The invasion of Europe's green crabs
Last Updated September, 24, 2007
The green crab is a voracious bottom feeder. (CBC)
An environmental crisis is bubbling quietly below the surface of the bay in a southern Newfoundland village.
Last month, residents of the tiny fishing community cuddled up at the northern reaches of North Harbour, Placentia Bay reported sighting hundreds of unusual crabs to federal fisheries officials about a month ago.
The invaders have been identified as European green crab, an invasive species that has already altered coastal environments around the Maritimes, British Columbia and the east coast of the United States.
Scientists from the federal Department of Fisheries and Oceans, Memorial University and the Newfoundland and Labrador Department of Fisheries are surveying the damage in North Harbour.
"This is green crab ground zero," Cynthia McKenzie, a DFO marine biologist, said while standing on the beach as divers, just offshore, hand bags of green crabs to researchers in a small boat.
McKenzie is blunt in her assessment of what's happening. The green crab are "taking over", according to invasive species expert.
"The fact that they are so well established is a concern," she said.
The scientists are using several methods to catch and count the invaders: Nets are pulled through the water, crab pots are baited and divers are chasing green crab along the ocean bottom.
The results are troubling because they show the aggressive green alien crab are displacing the native red rock crab and eating just about everything else along the ocean bottom.
The Invasive Species Specialist Group, a University of Auckland affiliated research group, based in alien-species wracked Australia, identifies the crab as one of the world's hundred most invasive species.
Originally confined to the European and North African Atlantic coasts, the green crab spread to the coasts of North America, South America, Australia, South Africa and North Pacific Asia with the rise of sea trade in the 18th century, travelling in ship ballasts, cargo holds or on crates.
Government divers check the bottom of Placentia Bay to determine the extent of green crab infestation. (CBC)
In the mid-90's, researchers in California found the crab had reduced competing predatory and fish-farm populations. They discovered the crab thrives in a wide range of coastal environments and can endure high and low water temperatures, and salinity-levels that would kill most other salt-water organisms.
In areas where human activity has reduced seawater salinity, such as estuaries and port-lands, the green crab easily out-competes other seafloor predators.
Oakley Johnson, a lifelong fisherman and North Harbour resident, conducted his own green crab research.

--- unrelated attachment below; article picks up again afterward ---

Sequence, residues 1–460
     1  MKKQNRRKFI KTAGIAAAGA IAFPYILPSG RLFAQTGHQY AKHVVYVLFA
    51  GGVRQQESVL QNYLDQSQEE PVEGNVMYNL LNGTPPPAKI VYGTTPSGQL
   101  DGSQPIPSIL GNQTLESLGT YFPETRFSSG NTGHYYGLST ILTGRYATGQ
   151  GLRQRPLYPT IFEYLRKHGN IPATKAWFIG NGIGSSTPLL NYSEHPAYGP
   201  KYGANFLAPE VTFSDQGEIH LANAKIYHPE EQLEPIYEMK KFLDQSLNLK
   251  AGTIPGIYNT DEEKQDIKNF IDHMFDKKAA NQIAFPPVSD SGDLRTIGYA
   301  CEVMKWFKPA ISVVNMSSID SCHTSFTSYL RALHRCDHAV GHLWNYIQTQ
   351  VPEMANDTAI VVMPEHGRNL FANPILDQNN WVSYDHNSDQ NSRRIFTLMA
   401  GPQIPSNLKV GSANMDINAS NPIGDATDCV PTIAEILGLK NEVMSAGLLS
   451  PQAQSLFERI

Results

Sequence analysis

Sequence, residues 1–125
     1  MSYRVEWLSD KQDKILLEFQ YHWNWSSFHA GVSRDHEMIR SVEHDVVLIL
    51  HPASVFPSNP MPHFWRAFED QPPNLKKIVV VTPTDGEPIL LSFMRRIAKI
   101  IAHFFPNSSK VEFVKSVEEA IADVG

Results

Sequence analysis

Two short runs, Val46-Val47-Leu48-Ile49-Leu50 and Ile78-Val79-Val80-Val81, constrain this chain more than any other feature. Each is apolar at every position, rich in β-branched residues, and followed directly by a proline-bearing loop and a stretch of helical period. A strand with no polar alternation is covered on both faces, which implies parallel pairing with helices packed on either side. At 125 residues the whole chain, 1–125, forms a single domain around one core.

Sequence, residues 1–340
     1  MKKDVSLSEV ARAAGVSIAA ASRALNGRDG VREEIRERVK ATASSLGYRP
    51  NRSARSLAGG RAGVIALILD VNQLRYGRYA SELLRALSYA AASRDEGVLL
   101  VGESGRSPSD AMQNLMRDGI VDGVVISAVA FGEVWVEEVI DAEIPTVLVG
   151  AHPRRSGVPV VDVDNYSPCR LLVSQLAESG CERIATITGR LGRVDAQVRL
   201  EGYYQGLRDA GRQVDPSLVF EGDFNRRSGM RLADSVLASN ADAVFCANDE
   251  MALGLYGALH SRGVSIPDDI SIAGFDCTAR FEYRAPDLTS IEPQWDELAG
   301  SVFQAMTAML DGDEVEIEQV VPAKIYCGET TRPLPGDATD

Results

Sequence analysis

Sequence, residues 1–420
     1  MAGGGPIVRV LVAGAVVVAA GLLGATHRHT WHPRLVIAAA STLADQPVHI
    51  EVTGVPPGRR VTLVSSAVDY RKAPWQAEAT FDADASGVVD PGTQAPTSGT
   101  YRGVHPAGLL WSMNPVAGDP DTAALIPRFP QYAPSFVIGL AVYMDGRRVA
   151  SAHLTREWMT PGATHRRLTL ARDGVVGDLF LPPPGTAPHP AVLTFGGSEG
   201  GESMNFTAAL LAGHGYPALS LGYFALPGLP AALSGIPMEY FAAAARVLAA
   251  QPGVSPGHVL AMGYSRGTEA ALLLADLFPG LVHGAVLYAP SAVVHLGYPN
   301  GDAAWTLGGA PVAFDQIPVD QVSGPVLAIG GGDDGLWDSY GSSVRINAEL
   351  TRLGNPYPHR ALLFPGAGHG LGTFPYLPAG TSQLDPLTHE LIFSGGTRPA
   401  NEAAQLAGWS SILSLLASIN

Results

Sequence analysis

"We threw a pot over the side of the wharf just to see what was down there," Johnson said. "We got them in the hundreds in the one pot … We went so high as 450 in the one pot."
Bye-bye rock crab
In one net, McKenzie's team pulled in dozens of green crabs of varying sizes. Some are smaller than the nail of a child's pinkie nail, while fist-sized adults are found stuck together, still copulating in the net despite being pulled into the beach.
Fishermen around Placentia Bay figure crab larvae were carried into the bay in the ballast water of the hundreds of foreign oil tankers that visit the nearby refinery at Come By Chance each year.
McKenzie said it is impossible to determine what kind of ship may have carried crabs into the bay but there's no doubt the invasion is the result of human activity.
The preliminary research shows local species are paying the price. The green crab are displacing their red-hued cousins, the rock crab. That species is nowhere to be found in the "ground zero" corner of North Harbour.
"There was always a lot of them clams. I don't think there's either one left in North Harbour," Oakley Johnson said. "You can go down there now, and when the water's low it's just the same as looking in a field that somebody dug up with a shovel."
Not just Newfoundland
In Prince Edward Island, Mike and Tami Martell have all but given up on the eel fishery because of green crabs.
"It's been a terrible experience," Tami Martell explained.
They first noticed a few of the crabs in 1997. About five to seven crabs turned up in 35 eel pots that were set in the water near their home. By 2005, the green crab population had exploded, making eel fishing impossible.
Last year, the family tried to get back into the business but found the situation had only worsened. The Martells discovered as many as 1,500 green crab in each eel pot … and a disturbing sight.
"When the green crab gets in they'll attack the eel and clean it right to the bone," Tami Martell said.
In Newfoundland, with North Harbour being eaten from the ocean bottom up, the race is on to figure out what to do in these early days of a disaster.
"There's been a lot of discussion about fishing them out — fishing them really, really hard right now — while we know where they are and while they are contained to get as many as we can," McKenzie said.
"But the other method that we're going to have to discuss is what we're going to do along the shoreline where we have all the juveniles. If we don't get the juveniles off the coastline, then in the next year they'll be out again."
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